TeslaCrypt targeted gaming files and saw constant improvement during its reign of terror.SimpleLocker was the first widespread ransomware attack that focused on mobile devices

Locky started spreading in 2016 and was “similar in its mode of attack to the notorious banking software Dridex.” A variant, Osiris, was spread through phishing campaigns.

Leatherlocker was first discovered in 2017 in two Android applications: Booster & Cleaner and Wallpaper Blur HD. Rather than encrypt files, it locks the home screen to prevent access to data.

SamSam has been around since 2015 and targeted primarily healthcare organizations.

Maze is a relatively new ransomware group known for releasing stolen data to the public if the victim does not pay to decrypt it.

Wysiwye, also discovered in 2017, scans the web for open Remote Desktop Protocol (RDP) servers. It then tries to steal RDP credentials to spread across the network.

Cerber proved very effective when it first appeared in 2016, netting attackers $200,000 in July of that year. It took advantage of a Microsoft vulnerability to infect networks.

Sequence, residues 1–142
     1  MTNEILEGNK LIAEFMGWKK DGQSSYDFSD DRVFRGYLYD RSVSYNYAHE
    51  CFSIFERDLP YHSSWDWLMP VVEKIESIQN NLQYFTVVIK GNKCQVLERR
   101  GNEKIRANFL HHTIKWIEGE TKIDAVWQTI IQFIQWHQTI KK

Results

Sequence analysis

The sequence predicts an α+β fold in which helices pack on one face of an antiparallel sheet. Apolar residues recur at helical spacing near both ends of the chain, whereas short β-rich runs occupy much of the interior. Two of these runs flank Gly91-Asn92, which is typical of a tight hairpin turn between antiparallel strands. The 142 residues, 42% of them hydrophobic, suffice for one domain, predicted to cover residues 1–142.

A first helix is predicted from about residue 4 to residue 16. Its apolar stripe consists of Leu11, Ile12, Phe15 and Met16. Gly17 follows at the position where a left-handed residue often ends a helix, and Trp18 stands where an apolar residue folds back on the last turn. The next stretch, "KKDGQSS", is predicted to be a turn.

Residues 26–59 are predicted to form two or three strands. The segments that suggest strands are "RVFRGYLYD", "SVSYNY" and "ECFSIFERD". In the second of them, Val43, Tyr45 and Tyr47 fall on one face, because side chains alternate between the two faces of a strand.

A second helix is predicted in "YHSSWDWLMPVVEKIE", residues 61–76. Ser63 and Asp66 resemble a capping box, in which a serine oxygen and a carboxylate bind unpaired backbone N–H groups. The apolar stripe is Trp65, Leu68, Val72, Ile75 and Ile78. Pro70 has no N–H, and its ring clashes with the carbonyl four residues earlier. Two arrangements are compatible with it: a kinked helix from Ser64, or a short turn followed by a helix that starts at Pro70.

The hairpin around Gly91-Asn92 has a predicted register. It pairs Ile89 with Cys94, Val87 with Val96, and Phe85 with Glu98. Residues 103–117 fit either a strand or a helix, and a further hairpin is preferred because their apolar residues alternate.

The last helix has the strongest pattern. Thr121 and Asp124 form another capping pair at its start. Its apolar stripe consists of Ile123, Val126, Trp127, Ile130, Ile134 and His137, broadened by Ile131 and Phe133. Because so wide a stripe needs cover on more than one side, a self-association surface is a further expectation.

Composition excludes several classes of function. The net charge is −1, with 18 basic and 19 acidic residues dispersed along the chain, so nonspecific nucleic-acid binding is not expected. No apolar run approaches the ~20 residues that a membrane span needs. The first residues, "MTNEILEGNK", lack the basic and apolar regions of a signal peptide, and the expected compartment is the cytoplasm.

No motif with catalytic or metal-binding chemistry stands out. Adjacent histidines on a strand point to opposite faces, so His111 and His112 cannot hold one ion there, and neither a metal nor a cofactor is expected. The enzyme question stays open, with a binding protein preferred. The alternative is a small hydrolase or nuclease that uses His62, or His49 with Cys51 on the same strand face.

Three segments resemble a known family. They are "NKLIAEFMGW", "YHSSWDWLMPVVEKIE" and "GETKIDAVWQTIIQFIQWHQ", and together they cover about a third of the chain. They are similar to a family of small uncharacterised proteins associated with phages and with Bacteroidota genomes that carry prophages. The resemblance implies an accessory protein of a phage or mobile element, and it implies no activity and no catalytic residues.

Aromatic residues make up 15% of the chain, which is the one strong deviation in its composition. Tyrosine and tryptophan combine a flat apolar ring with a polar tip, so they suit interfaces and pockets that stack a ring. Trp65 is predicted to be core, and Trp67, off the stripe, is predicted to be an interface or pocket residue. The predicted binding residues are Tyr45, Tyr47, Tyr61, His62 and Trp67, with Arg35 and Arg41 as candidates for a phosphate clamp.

BadRabbitspread across media companies in Eastern Europe and Asia in 2017.

Ryuk first appeared in 2018 and is used in targeted attacks against vulnerable organizations such as hospitals. It is often used in combination with other malware like TrickBot.

GandCrab might be the most lucrative ransomware ever. Its developers, which sold the program to cybercriminals, claim more then $2 billion in victim payouts as of July 2019.

Sodinokibi targets Microsoft Windows systems and encrypts all files except configuration files. It is related to GandCrab.

RobbinHood is another EternalBlue variant that brought the city of Baltimore, Maryland, to its knees in 2019.

Thanos is the newest ransomware on this list, discovered in January 2020. It is sold as ransomware as a service, It is the first to use the RIPlace technique, which can bypass most anti-ransomware methods.